• Truth decayDon’t be fooled by fake images and videos online

    By Hany Farid

    Advances in artificial intelligence have made it easier to create compelling and sophisticated fake images, videos and audio recordings. Meanwhile, misinformation proliferates on social media, and a polarized public may have become accustomed to being fed news that conforms to their worldview. All contribute to a climate in which it is increasingly more difficult to believe what you see and hear online. There are some things that you can do to protect yourself from falling for a hoax. As the author of the upcoming book Fake Photos, to be published in August, I’d like to offer a few tips to protect yourself from falling for a hoax.

  • Truth decayAre Russian trolls saving measles from extinction?

    By Ron Synovitz

    Scientific researchers say Russian social-media trolls who spread discord before the 2016 U.S. presidential election may also contributed to the 2018 outbreak of measles in Europe that killed 72 people and infected more than 82,000 — mostly in Eastern and Southeastern European countries known to have been targeted by Russia-based disinformation campaigns. Experts in the United States and Europe are now working on ways to gauge the impact that Russian troll and bot campaigns have had on the spread of the disease by distributing medical misinformation and raising public doubts about vaccinations.

  • Considered opinion: The Russia connectionRussia is attacking the U.S. system from within

    By Natasha Bertrand

    A new court filing submitted last Wednesday by Special Counsel Robert Mueller shows that a Russian troll farm currently locked in a legal battle over its alleged interference in the 2016 election appeared to wage yet another disinformation campaign late last year—this time targeting Mueller himself. Concord Management and Consulting is accused of funding the troll farm, known as the Internet Research Agency. But someone connected to Concord allegedly manipulated the documents and leaked them to reporters, hoping the documents would make people think that Mueller’s evidence against the troll farm and its owners was flimsy. Natasha Bertrand writes that “The tactic didn’t seem to convince anyone, but it appeared to mark yet another example of Russia exploiting the U.S. justice system to undercut its rivals abroad.”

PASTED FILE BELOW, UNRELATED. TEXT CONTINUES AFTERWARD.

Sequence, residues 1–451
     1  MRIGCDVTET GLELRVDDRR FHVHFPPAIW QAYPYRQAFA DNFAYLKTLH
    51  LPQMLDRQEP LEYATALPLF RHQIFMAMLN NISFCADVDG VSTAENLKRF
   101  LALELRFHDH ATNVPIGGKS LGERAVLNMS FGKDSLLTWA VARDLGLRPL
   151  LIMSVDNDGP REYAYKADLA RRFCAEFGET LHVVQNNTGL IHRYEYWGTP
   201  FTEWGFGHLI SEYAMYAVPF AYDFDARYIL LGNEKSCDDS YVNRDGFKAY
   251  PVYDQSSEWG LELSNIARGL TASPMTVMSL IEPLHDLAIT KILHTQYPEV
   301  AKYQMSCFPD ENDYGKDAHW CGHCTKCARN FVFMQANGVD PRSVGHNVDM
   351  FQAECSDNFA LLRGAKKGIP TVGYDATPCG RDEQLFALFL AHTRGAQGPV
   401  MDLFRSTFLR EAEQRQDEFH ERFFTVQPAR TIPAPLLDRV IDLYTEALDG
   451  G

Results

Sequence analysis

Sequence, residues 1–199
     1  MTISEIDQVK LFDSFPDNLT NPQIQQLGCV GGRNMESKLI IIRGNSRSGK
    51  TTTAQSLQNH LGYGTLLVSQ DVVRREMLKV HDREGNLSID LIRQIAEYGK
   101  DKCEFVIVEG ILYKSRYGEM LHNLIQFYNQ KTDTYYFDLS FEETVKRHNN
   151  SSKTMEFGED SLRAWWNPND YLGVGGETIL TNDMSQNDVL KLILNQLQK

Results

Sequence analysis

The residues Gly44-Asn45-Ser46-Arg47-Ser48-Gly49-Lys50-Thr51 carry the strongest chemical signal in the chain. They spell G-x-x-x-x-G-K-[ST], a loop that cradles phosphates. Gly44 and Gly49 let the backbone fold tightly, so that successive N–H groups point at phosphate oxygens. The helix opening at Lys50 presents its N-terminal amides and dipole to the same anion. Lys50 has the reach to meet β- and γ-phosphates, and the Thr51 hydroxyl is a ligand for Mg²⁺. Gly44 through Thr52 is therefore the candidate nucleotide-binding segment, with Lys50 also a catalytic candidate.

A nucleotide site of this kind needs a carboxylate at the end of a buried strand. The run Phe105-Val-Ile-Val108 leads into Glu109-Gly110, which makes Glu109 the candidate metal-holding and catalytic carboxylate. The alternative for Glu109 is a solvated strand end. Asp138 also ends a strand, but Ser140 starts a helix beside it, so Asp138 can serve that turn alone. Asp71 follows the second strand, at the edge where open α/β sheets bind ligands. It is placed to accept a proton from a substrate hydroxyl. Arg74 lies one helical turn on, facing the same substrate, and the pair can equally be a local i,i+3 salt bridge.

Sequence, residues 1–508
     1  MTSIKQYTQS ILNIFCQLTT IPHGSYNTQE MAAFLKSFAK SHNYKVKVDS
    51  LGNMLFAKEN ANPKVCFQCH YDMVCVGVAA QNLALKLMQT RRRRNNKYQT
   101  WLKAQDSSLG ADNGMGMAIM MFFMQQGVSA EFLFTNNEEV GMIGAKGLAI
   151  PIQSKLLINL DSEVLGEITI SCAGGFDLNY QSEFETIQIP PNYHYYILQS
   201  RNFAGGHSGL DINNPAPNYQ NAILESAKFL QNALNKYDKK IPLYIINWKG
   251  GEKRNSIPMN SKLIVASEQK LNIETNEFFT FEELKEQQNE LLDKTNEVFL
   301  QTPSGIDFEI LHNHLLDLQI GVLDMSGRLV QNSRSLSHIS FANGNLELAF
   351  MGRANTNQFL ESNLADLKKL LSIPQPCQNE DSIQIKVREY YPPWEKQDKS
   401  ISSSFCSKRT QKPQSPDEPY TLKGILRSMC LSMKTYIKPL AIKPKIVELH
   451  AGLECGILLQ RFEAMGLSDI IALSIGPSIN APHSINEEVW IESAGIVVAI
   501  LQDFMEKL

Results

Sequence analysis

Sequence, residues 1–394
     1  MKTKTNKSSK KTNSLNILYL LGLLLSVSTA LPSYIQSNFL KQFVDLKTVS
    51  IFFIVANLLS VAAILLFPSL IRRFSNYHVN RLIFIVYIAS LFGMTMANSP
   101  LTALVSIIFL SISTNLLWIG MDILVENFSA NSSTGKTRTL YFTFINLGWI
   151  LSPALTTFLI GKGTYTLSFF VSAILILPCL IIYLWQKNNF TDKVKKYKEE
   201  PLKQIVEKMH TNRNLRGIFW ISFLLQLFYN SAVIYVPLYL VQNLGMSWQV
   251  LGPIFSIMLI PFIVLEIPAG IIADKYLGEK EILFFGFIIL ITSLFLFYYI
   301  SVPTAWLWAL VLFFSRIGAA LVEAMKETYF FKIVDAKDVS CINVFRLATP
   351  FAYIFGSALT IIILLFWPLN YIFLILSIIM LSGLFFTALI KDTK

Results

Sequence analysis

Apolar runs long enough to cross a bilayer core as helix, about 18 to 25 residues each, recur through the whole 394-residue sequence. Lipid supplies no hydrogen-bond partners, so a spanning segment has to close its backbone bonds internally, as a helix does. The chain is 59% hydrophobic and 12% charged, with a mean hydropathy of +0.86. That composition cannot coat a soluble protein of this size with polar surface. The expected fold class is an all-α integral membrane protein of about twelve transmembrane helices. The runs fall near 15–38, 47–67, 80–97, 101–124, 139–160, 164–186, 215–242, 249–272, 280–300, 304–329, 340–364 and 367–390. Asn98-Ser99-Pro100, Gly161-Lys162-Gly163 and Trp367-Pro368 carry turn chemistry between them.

• Truth decayFake news detector algorithm works better than human screeners

    An algorithm-based system that identifies telltale linguistic cues in fake news stories could provide news aggregator and social media sites like Google News with a new weapon in the fight against misinformation. The researchers who developed the system have demonstrated that it’s comparable to and sometimes better than humans at correctly identifying fake news stories.

  • Truth decayPeering under the hood of fake-news detectors

    By Rob Matheson

    New work from MIT researchers peers under the hood of an automated fake-news detection system, revealing how machine-learning models catch subtle but consistent differences in the language of factual and false stories. The research also underscores how fake-news detectors should undergo more rigorous testing to be effective for real-world applications.

  • Truth decayWant to squelch fake news? Let the readers take charge

    By Peter Dizikes

    Would you like to rid the internet of false political news stories and misinformation? Then consider using — yes — crowdsourcing. That’s right. A new study co-authored by an MIT professor shows that crowdsourced judgments about the quality of news sources may effectively marginalize false news stories and other kinds of online misinformation.

  • The gathering stormRussia’s hostile measures threaten Europe: Report

    A new RAND report examines current Russian hostile measures in Europe and forecasts how Russia might threaten Europe using these measures over the next few years. “Whatever the U.S. response, preparation for involvement in a wide range of conflicts can help reduce the risk of mismanagement, miscalculation, and escalation,” the report’s authos say.

  • TerrorismKansas anti-Muslim bomb plotters sentenced to long prison terms